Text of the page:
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Fully Committed: Finding Your Purpose Post-Service


Last week, Clint Trial, who served for more than 22 years, in our Armed Forces shared why he joined the military and what service meant to him. Read that article here. 

Our conversation continues this week, focused on his thoughts post his 2020 retirement.

What do you think are the biggest challenges veterans are facing today? 
In my experience, I have found the transitioning phase from active duty service to the private sector to be a critical period where a veteran’s long term path can take either a dark path or a golden one. Having witnessed examples of this in my own peer group only reinforces my opinions for why we can never stress enough to those still on active duty the need to have a well thought out plan for post-military life, plus contingency plans. 

It is my opinion that finding your mission and purpose in life is absolutely vital for reducing the amount of mental and spiritual struggle that can occur in its absence.  For many of us veterans, our mission and purpose was always very clear. A life dedicated to serving something you believe greater than yourself… to serve the United States of America; to serve on behalf of the ideas of individual liberty and freedom. For the red, white and blue. For God, for country, for family. For so many of us who chose the military life, we often took for granted the existence of that mission and purpose. 

But what happens when your time in service comes to an end? Now what? Without a mission and purpose, life can make the strongest of men and women vulnerable to their own negative thoughts.

Upon retirement or end of active service, the perception we have is that we have lost our mission and purpose. But we don’t really lose it. In fact, I would argue the opposite is happening. We are given back total control of it. Taking the reins of your own mission and purpose is what happens. Unfortunately very few of us know how to use those reins… and we can end up driving ourselves in circles creating a sense of being lost and disconnected in life.  

It is far better to have a well formulated plan go belly up and shift to an alternative contingency than succumbing to thoughts of hopelessness and despair that can infect an idle and mission-less mind. 

Knowing your mission and purpose in life is essential. Once a veteran knows what his or hers is… there is no stopping them. 

What do the two words YOU MATTER mean to you?
“You mattered… “ is how I’ve most often used those two words. They aren’t really spoken words so much as words I hear spoken by the little voice in my head when thinking about friends who have died by suicide. I often envision conversations between me and the friends I’ve lost. 

“Why did you do this?” I ask.

“Because I felt like I didn’t matter,” he answers.

“You mattered,” I say.

My stance on this darkest of human actions has always been accompanied by puzzlement and confusion. Suicide is completely opposite to my very nature which is to survive. 

This is not to say my friends who died by suicide weren’t survivors… on the contrary, they in some cases survived decades of repetitive exposure to direct combat across multiple war fronts. They willingly put themselves in danger for country, for America. For many of us, we end up after years and years of combat doing it for one reason and one reason alone … for each other.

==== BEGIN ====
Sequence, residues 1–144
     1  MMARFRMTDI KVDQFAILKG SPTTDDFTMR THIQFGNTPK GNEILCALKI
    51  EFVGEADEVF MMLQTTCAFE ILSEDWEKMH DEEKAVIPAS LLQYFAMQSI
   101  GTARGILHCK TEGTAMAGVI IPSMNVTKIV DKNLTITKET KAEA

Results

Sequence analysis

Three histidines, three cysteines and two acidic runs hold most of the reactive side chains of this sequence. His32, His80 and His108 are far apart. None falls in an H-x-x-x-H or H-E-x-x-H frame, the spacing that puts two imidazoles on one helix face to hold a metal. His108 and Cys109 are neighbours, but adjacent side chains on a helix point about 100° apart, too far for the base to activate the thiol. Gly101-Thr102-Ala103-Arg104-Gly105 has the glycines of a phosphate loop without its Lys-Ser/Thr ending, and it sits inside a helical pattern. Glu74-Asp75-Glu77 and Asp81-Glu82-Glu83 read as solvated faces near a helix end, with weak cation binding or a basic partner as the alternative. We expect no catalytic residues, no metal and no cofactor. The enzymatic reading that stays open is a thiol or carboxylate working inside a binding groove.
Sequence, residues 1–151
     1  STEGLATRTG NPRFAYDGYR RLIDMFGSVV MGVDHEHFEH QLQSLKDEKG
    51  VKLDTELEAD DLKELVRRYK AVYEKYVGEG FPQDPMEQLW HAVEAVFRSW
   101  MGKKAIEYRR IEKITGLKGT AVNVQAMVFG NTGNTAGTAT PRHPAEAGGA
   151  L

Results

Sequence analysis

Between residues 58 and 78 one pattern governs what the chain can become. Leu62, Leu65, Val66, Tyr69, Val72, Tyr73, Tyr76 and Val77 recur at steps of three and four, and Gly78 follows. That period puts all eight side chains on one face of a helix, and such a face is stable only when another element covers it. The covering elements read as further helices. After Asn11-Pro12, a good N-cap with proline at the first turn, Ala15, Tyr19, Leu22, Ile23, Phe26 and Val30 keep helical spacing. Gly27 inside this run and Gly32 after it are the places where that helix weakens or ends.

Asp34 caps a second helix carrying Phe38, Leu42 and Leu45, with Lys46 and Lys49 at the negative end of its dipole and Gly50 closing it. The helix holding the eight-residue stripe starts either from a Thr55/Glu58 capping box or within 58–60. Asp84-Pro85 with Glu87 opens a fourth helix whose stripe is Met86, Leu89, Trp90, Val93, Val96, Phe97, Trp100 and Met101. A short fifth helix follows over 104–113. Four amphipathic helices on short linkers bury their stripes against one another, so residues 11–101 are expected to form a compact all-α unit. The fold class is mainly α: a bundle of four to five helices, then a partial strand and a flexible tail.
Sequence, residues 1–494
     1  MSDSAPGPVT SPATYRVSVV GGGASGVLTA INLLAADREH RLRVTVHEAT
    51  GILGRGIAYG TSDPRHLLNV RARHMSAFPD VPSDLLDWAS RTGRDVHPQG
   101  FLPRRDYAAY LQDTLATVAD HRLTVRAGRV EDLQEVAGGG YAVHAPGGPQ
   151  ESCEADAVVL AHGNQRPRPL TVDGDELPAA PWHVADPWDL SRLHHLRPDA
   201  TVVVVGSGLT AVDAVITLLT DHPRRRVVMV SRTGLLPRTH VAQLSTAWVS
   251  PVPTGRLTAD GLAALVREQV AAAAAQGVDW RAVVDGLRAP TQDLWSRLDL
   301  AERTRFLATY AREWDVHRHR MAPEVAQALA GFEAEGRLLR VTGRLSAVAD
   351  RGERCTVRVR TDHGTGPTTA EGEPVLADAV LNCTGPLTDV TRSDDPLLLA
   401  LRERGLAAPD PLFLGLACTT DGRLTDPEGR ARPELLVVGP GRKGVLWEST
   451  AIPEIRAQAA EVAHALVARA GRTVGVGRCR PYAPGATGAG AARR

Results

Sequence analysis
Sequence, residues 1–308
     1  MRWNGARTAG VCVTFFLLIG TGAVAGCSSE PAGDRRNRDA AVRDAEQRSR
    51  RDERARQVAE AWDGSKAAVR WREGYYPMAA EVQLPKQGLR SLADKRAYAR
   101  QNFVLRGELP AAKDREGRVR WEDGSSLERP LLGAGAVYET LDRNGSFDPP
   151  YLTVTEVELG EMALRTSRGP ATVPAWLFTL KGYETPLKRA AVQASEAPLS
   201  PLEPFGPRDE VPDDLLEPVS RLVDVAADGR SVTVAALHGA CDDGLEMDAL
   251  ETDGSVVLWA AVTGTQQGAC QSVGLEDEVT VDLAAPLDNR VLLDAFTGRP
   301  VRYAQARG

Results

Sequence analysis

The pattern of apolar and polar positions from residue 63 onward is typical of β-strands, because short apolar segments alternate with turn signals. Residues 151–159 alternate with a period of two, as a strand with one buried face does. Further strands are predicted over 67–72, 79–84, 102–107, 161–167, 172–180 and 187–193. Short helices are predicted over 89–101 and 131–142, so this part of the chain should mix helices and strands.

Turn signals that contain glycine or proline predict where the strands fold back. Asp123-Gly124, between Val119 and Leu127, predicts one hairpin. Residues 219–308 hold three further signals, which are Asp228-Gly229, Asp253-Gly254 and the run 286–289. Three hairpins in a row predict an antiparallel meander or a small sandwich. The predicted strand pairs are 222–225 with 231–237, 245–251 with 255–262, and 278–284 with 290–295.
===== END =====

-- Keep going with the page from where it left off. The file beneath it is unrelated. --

I’ve come to realize that so many of us are not broken… rather we, Veterans, are enlightened in ways that cannot be fully understood by so many of our civilian counterparts. And no matter how hard you try … you will never be able to fully explain to someone who has never shared in the extreme horrors of war. This divide creates a sense of disconnectedness in the combat veteran, the disconnectedness can lead to self isolation, negative reflection and feelings of hopelessness.

I imagine many of the conversations that take place between the ears of those who’ve served, often wondering if anyone is ever going to understand what it meant to lace up our boots to protect and defend others, for our country, for America. 

How many combat veterans have heard themselves uttered, “Nobody’s gonna ever understand what it meant.”

Where things can take a dark turn is when we decide that because no one will ever understand, that what we’ve done doesn’t really matter and the statement switches from “Nobody’s gonna ever understand what it meant…” to “none of it mattered.” 

As Veterans, we have gained a truth about the nature of man, the nature of life and the nature of war. We recognize truths about life and death far ahead of our time. And there is real difficulty in handling those truths as you transition into the civilian world and attempt to integrate back into a society that often lacks the awareness and understanding of war’s realities. 

It is a painful realization for a combat veteran to feel like what he did in service does not matter. 

But it did matter. It mattered to those you served alongside. 

When a Veteran finds himself thinking … “I don’t matter,”  he must revolt and reject that thought. He must remember the faith he once felt amongst his team mates. The courage he borrowed from others … and the promise to pay it back. To remember that though he may be physically alone…he is not. We, the survivors, are here too… the struggle is ours together – a common bond and a common burden. If you need us, tell us and we will come running. 

So to every man and woman who carries this burden of knowing, I offer this:

It DID matter. It DOES matter. It WILL matter. 


Clint Trial served for more than 22 years, enlisting first in the Army National Guard as an infantryman before joining the Marine Corps. He retired in 2020.